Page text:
Jury Acquits the Only Cop Who Faced Charges After a Drug Raid Maimed a Toddler

Nikki Autry claimed she lied on a search warrant affidavit by mistake.



On Friday a jury acquitted a former Georgia sheriff's deputy of federal civil rights charges in connection with a May 2014 drug raid that gravely injured a toddler. Nikki Autry, a Habersham County deputy who was serving as a special agent with the Mountain Judicial Circuit Narcotics Criminal Investigation and Suppression Team, signed the application for the warrant that authorized the early-morning, no-knock raid, which found no drugs, guns, or money and left 19-month-old Bounkham "Bou Bou" Phonesavanh burned and mutilated by a flashbang grenade that landed in the playpen where he was sleeping. Autry's affidavit included several crucial misrepresentations, and during her trial the magistrate who issued the warrant testified that he would not have done so if she had told the truth.

Autry said a confidential informant "was able to purchase a quantity of methamphetamine from Wanis Thonetheva," Bou Bou's cousin, at the house she wanted to search, which belongs to Thoentheva's mother. Autry said the informant was known to be "true and reliable," having "provided information in the past that has led to criminal charges on individuals selling illegal narcotics in Habersham County." She added that she had personally "confirmed that there is heavy traffic in and out of the residence."

None of that was true. The confidential informant was newly minted and therefore had no track record, and it was his roommate who claimed to have bought meth from Thonetheva, a report that was not verified by police surveillance. Nor did Autry monitor the house to verify that a lot of people were going in and out.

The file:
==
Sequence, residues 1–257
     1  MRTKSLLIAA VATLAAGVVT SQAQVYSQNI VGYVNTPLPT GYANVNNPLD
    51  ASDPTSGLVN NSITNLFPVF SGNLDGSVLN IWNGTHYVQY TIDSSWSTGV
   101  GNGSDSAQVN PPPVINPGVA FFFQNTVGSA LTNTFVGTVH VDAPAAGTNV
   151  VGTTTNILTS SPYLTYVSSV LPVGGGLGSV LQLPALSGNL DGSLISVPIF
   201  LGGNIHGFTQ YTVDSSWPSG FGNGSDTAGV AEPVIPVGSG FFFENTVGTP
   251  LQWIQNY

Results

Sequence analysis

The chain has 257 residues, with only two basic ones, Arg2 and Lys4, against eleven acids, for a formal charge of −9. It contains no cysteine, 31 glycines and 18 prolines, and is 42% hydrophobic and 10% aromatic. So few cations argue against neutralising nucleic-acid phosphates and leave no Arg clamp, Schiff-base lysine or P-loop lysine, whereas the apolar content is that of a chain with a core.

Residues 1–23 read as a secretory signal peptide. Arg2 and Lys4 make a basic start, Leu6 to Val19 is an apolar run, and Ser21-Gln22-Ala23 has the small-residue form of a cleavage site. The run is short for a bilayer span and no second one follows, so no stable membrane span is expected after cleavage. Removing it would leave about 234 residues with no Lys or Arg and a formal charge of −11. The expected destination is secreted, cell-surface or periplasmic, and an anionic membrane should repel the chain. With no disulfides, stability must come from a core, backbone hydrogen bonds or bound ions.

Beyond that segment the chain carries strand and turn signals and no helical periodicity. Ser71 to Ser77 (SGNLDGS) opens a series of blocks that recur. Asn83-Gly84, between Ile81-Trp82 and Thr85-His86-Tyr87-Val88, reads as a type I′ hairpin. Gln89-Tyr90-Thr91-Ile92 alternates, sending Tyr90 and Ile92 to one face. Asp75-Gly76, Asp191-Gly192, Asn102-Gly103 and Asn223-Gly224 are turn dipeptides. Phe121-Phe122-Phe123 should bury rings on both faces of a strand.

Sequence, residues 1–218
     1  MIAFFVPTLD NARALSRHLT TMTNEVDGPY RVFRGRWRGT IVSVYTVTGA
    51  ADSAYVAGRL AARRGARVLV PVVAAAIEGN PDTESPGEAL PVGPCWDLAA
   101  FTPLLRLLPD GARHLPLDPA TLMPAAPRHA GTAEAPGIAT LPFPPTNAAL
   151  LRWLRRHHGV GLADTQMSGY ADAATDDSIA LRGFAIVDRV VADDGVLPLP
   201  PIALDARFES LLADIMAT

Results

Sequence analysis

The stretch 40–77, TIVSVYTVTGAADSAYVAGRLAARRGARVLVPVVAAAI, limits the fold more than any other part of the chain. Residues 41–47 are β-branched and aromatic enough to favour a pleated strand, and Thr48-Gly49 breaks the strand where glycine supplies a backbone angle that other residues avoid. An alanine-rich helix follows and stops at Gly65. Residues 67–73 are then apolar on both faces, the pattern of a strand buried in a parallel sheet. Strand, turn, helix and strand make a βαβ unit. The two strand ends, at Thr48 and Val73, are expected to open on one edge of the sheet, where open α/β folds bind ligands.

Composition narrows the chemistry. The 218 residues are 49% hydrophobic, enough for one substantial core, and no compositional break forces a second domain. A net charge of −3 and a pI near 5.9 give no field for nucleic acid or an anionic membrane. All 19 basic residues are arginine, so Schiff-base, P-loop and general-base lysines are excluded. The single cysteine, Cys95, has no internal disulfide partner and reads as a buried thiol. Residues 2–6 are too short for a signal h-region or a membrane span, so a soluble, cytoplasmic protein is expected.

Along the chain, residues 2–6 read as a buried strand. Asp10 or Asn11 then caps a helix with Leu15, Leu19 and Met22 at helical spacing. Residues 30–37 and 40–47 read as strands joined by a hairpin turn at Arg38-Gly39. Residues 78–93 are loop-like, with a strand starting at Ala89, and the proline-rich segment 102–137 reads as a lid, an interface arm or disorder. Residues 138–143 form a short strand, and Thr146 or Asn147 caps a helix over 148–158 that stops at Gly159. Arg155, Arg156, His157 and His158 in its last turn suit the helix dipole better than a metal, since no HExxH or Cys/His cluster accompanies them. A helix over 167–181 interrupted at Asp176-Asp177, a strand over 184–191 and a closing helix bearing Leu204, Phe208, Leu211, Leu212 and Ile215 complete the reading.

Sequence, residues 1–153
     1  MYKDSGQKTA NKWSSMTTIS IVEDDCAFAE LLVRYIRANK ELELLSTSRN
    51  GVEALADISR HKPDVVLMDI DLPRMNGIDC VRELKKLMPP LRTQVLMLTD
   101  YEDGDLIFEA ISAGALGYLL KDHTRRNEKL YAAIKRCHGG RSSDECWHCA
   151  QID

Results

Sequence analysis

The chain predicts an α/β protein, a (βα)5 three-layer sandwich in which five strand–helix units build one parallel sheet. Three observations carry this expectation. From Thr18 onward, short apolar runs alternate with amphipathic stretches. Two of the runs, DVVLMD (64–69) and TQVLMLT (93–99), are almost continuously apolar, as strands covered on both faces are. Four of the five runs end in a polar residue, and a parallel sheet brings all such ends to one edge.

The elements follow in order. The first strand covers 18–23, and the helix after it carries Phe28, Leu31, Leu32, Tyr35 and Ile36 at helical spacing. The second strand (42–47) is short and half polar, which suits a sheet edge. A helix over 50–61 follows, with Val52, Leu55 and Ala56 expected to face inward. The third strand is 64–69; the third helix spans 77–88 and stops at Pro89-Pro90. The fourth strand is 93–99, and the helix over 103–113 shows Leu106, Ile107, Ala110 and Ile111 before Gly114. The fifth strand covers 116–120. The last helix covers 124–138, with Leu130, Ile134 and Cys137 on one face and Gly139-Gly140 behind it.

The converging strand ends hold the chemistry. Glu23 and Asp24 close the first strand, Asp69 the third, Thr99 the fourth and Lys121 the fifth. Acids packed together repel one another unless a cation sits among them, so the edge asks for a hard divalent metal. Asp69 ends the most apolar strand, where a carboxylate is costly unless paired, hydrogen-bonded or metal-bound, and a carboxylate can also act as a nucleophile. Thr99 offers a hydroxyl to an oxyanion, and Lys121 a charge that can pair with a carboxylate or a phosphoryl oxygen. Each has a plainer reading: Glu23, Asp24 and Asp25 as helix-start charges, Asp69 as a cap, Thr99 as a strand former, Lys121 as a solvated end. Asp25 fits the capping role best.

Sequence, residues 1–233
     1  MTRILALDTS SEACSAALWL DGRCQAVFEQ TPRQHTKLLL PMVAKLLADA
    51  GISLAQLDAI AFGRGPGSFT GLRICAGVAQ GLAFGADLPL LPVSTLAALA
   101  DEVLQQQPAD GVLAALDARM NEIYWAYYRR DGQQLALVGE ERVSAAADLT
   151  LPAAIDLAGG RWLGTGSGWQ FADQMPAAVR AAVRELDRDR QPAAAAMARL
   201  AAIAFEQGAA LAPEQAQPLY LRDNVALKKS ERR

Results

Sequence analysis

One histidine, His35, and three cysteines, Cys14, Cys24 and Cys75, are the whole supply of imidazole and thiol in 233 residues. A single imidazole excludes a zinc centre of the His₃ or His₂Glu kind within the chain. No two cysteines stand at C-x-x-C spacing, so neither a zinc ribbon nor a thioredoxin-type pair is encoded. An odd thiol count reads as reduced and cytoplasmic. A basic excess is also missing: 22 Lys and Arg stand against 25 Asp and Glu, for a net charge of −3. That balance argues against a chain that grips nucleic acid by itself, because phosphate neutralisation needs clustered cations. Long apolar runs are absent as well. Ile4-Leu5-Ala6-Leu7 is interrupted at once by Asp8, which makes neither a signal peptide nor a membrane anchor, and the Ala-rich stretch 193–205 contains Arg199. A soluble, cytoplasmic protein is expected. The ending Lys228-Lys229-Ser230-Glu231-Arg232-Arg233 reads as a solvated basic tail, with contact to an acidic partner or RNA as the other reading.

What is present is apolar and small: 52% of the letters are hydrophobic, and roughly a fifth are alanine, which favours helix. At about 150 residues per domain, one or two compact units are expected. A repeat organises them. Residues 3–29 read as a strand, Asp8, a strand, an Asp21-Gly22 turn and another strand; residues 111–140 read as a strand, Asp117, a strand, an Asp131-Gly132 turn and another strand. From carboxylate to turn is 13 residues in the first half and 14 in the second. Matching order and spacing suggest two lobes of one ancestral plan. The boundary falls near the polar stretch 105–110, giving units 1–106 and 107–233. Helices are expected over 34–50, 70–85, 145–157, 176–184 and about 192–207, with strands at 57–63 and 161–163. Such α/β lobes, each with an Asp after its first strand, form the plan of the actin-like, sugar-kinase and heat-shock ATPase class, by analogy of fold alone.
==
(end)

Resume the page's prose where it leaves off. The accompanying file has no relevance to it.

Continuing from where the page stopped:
Federal prosecutors argued that Autry, whom they described as "an overzealous police officer" with "no respect for the people she's investigating," made up those crucial details to manufacture probable cause for a search. She testified that the affidavit was prepared by a supervisor, Officer.com reports, but "acknowledged she reviewed it and recommended no changes be made despite numerous inconsistencies." Her attorneys portrayed that failure as unintentional. Prosecutors emphasized that the raid would not have happened without Autry's misrepresentations. "If there had never been a search warrant, Bou Bou would've never been injured," Assistant U.S. Attorney Bill McKinnon said. "There's a direct causation."

Autry was charged with four violations of Title 18, Section 242, which makes it a federal crime to deprive someone of his constitutional rights "under color of any law." That offense is generally punishable by up to a year in jail, but if "bodily harm" results, as happened in this case, the maximum penalty rises to 10 years.

Although Autry's "mistakes" led directly to Fourth Amendment violations that resulted in Bou Bou's injuries, the jury declined to hold her responsible. Her attorneys argued that Autry, who is the only officer to face charges as a result of the raid, became a scapegoat for other people's errors. They noted that Charles Long, the deputy who threw the grenade that nearly killed Bou Bou, had violated protocol by failing to illuminate the room before using the explosive device. "There's a pattern of excess in the ways search warrants are executed," defense attorney Michael Trost said during his closing argument on Friday. "That's what led to the injuries to this child."

In October 2014 a Habersham County grand jury faulted Autry for a "hurried" and "sloppy" investigation. The jurors "gave serious and lengthy consideration as to whether to recommend criminal charges" against her but decided that her resignation "in lieu of possible termination," combined with her surrender of the peace officer certification that enabled her to work in law enforcement, was "more appropriate than criminal charges and potential jail time." But the grand jurors did not consider the allegation that Autry lied in her search warrant affidavit, a charge that was included in a federal lawsuit filed by Bou Bou's parents in February.

"We are so proud of Nikki for standing up for what she believed in," one of Autry's lawyers said after Friday's verdict. But even if we accept Autry's dubious defense that the misrepresentations in her affidavit were a product of carelessness rather than deliberate deception, the only principle she has vindicated is that drug warriors can endanger innocent people's lives through sloppy police work without committing a crime.